Idaho was the last state in the country to enact a board of health at the state level.
BOISE, Idaho — Over the last five months, more attention has been brought to Idaho’s seven public health districts than ever before.
So how did they come to preside over the health of Idahoans?
It wasn’t until 1907, when then-Governor Frank Gooding signed legislation, creating the Idaho State Board of Health.
“That’s really when Idaho kind of got on board, you could say, with the idea of state public health services,” said Idaho State Historian HannaLore Hein. “At the time that we passed that legislation we were the last state in the country to enact a board of health at the state level.”
The board wasn’t created in response to a particular disease or cause of concern, Hein said. It was just part of developing a state government.
The idea for health organizations at the local or county level didn’t come about until the early 1900s when the Idaho State Board of Health started to expect counties to pick up some of the work.
“They were supposed to provide those public health services, which at the time, included everything from trying to manage the communicable diseases to managing and regulating the delivery of fresh milk and looking at the containers milk was delivered in, to water and sanitation services,” Hein said.
But most Idaho counties struggled to do it, with the exception of Twin Falls County, as they were dealing with a highly contagious disease.
“In the late 1920s, Twin Falls County was experiencing a severe and devastating meningitis outbreak, and so in response, they developed this county department essentially,” Hein said. “They had full-time staff and nurses and doctors to try and get the disease under control.”
By 1935, the federal government stepped in and highly recommended other counties follow Twin Falls County’s approach, to ensure a public health service for every Idahoan.
“It really took kind of that federal, not oversight, but the investigation to help create a roadmap for how we were going to continue these county-level programs and services,” Hein said.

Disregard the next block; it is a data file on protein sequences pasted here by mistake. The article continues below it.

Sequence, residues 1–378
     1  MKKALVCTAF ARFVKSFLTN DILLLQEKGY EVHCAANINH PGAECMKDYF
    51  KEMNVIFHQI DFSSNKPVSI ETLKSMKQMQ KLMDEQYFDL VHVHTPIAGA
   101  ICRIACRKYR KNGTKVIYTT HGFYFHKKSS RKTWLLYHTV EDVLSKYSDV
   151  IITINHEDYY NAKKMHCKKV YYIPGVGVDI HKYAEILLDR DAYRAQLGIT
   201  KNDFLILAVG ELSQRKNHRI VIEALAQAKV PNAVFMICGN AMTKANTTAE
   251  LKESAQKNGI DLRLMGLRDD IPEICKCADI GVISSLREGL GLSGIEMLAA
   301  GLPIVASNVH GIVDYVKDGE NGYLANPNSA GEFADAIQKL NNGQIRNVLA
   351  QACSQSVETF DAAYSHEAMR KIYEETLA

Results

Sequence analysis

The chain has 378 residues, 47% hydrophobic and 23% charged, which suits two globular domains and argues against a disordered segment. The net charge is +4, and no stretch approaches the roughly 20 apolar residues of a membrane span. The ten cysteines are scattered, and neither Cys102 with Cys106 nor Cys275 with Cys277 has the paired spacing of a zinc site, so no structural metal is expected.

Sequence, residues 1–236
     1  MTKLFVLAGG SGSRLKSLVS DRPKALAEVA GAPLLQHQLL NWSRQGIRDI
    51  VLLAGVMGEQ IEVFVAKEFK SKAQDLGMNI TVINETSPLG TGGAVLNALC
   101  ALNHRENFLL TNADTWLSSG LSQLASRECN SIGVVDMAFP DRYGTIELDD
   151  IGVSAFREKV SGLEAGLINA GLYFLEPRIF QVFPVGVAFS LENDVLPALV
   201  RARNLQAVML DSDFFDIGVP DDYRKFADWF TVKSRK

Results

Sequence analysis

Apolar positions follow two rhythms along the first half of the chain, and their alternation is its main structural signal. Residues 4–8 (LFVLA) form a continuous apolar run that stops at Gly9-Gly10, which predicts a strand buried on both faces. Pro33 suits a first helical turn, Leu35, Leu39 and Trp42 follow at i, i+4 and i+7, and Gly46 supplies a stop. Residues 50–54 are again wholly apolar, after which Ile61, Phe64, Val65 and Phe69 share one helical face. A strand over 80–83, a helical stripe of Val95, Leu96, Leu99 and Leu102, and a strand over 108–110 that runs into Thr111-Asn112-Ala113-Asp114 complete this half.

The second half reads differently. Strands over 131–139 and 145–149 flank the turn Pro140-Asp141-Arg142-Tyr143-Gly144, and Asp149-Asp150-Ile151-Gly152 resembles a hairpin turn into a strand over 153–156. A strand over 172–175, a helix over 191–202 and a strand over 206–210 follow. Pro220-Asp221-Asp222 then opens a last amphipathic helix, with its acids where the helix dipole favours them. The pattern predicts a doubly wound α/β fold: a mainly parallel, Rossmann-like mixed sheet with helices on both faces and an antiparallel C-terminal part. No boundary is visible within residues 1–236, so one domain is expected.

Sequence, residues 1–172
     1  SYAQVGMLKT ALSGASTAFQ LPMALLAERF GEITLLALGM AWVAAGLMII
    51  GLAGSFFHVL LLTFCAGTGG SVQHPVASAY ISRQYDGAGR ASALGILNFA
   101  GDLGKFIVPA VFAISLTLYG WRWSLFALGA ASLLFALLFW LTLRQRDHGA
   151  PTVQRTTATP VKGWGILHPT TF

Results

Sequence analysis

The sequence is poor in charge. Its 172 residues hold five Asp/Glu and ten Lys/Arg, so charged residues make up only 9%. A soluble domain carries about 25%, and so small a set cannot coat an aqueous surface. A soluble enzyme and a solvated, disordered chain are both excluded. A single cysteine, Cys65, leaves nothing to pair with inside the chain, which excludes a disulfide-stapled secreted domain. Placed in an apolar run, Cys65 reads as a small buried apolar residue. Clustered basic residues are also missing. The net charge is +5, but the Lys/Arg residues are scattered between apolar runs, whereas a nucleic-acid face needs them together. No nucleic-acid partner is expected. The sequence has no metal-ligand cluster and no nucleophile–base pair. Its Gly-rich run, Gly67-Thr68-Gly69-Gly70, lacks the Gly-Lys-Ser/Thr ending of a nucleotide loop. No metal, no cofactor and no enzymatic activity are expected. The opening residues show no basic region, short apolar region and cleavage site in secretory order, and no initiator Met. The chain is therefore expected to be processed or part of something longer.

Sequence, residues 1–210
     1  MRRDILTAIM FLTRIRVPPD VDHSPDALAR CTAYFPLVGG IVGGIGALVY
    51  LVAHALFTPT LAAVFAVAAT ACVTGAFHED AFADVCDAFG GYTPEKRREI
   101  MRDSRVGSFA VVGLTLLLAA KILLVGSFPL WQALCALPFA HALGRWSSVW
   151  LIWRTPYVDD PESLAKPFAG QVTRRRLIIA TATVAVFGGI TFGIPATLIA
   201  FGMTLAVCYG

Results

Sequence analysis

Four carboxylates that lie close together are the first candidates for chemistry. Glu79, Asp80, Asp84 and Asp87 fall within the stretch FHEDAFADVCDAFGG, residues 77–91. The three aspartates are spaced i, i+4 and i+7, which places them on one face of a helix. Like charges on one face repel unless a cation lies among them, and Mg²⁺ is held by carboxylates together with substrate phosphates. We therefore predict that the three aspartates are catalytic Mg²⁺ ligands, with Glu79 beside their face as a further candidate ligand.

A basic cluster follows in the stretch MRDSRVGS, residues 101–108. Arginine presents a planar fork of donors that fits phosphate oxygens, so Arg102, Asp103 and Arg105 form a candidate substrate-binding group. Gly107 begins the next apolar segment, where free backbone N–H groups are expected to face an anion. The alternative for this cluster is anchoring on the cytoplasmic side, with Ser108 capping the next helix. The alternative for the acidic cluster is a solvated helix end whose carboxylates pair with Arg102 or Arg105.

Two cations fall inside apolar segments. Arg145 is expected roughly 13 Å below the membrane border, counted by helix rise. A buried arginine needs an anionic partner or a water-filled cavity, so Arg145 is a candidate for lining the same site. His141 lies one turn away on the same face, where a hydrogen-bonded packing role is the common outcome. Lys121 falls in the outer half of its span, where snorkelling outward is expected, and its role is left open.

Over the years, several more county-level health departments popped up, but not all counties complied.
According to a 1967 state document: “Under the existing state law relating to county boards of health, only half of the counties up to the present time have organized full-time local health departments and many of the remaining counties have never complied with state law.”
“It was very clear that not every Idahoan was being delivered the kind of public health service that was kind of mandated,” Hein said.
So in 1970, the state legislature created the structure of what we now know today as the seven health districts.
“Decisions made 30, 40, [and] at this point, more than 100 years ago are still impacting our day-to-day lives now,” Hein said. “So any opportunity people have to better understand the past, it will help us to make better decisions now and be able to envision a brighter future.”
Today, each district has its own board, made up of one county commissioner from each county it represents, and at least one physician.
According to state code, all members “shall be chosen with due regard to their knowledge and interest in public health.”
So what can we learn from the history of the 1918 Spanish flu pandemic that could help us respond to COVID-19 today?
Hein says there’s not a lot of documentation on that because of budget issues at the time. The Idaho State Board of Health didn’t have the funding available to print their annual report from 1918. The only records that exist are from board meeting minutes, and those were less than one page long.
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